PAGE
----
Although the historical findings suggest that the Maya were the first to use cocoa beans for human consumption, there is evidence that they received the knowledge from the Olmecs, an ancient nation living in central Mexico between 1500 BC and about 400 BC.
However, after the Olmecs abandoned their main cities, the Mayans arrived, inherited their place and spread over a large area, which is now within the borders of Mexico, El Salvador, Belize, Honduras and Guatemala.
The Maya consumed and even adored the chocolate, in the written history of the Maya it has been found that the chocolate drinks were used by them for celebrations in the tribe as well as to mark important transactions made. Despite the importance of chocolate in culture at the time, it was available to almost everyone and not just to the chiefs of the tribe.
The Aztecs, a culture that ruled the Mexico Valley in the 15th and early 16th centuries, also used chocolate, not only as a food but also as a currency used to purchase goods and food. In Aztec culture, cocoa beans were considered more expensive than gold. In contrast to what happened to the Maya, for the Aztecs chocolate mostly belonged to the upper class, and the lower classes rarely enjoyed it. Also, the origin of the word chocolate is from the language of the Aztecs, who called the drink they drank chocolate, cocoa water.
According to historical sources in the 16th century chocolate was first shipped to Europe, there is debate as to whether it was the famous Christopher Columbus or a Spanish conqueror named Hernan Cortes, but there is agreement that the chocolate was first brought to Spain. In 1585 Spain began to import chocolate and was the first country in Europe to do so, after that many countries also began to import chocolate.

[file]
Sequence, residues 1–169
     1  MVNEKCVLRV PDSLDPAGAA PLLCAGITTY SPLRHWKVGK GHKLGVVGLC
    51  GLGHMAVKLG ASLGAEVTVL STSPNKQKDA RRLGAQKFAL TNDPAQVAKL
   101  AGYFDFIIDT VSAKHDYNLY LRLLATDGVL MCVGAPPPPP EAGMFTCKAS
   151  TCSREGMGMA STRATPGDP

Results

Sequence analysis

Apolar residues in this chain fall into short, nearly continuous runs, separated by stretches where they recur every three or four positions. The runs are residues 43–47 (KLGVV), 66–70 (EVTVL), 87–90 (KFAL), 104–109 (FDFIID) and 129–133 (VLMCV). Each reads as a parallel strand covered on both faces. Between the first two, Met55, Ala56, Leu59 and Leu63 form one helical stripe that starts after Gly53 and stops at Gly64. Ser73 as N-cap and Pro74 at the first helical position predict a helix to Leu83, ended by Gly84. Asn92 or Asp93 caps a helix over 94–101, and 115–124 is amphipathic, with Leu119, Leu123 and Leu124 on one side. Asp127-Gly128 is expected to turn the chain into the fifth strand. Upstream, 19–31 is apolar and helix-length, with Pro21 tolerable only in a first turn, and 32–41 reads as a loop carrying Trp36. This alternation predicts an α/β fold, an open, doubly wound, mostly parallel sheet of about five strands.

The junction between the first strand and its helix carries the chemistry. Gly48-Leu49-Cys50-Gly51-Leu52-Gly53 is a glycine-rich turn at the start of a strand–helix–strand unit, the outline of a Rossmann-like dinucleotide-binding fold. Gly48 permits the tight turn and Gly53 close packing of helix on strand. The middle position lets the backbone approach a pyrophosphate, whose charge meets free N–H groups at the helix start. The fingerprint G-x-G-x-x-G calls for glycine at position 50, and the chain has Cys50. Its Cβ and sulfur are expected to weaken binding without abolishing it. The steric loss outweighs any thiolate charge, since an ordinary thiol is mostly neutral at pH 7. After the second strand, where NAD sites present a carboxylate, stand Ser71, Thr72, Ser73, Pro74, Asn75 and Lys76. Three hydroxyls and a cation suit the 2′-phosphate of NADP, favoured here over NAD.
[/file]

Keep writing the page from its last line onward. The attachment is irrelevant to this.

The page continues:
In the 19th century a Dutch chemist found a method to extract the fat separately from the cocoa beans and thus divide it into cocoa butter and cocoa powder, which made it possible to produce the modern chocolate tablets we know today.
As for the United States' share in the story, there is an assumption that chocolate came to Florida by ship from Spain in the 17th century and from there imports expanded and American chocolate houses opened as well. There is evidence that during the United States War of Independence, soldiers were provided with chocolate along with their upcoming rations. Today, while U.S. residents consume an impressive amount of chocolate, especially on holidays.
Who moved my chocolate?
For those who can't finish their chocolate immediately (Who are you?), Here are some important tips about storing chocolate, so it won't lose its wonderful taste.
There are three key factors that are relevant when it comes to maintaining and chocolate texture: temperature, humidity and light exposure.
The most important law (which many people violate) is that chocolate should not be refrigerated because it may absorb odors from other products in the refrigerator - even if everything is closed. In addition, its texture may be damaged by humidity in the refrigerator, causing sugar chocolate to rise over the chocolate.
If you still violated the most important law, do yourself a favor and at least wrap the chocolate well before putting it in the fridge, to protect it from odors and condensation process, and if you have a tool to put it in it sealed after wrapping - what good! The top of the refrigerator is the best place to put the chocolate, since it is the least cold there. When you take the chocolate out of the fridge, let it rest a bit at room temperature before you eat - it will return to a delicious temperature for eating.
Another law is to keep the chocolate from any light source: natural light from the sun, fluorescent artificial light, flashlight from that trip you wanted to go to - any light source can damage the texture and taste of chocolate.
The last law is to seal as best as possible, in cling film or a bag, not to allow oxygen to do what it does best in - oxygen, which will cause the development of bad flavors in chocolate. It is advisable to store it in a relatively shady and cool closet.
Interesting secret - if you have a wine refrigerator at home (first of all congratulation! And secondly-) this is the best place to store chocolate in terms of suitable cold and relatively low humidity.
In conclusion, the most recommended storage for chocolate is in the stomach. If you still do not have room in your stomach, keep the important rules from this article and your chocolate will be just fine.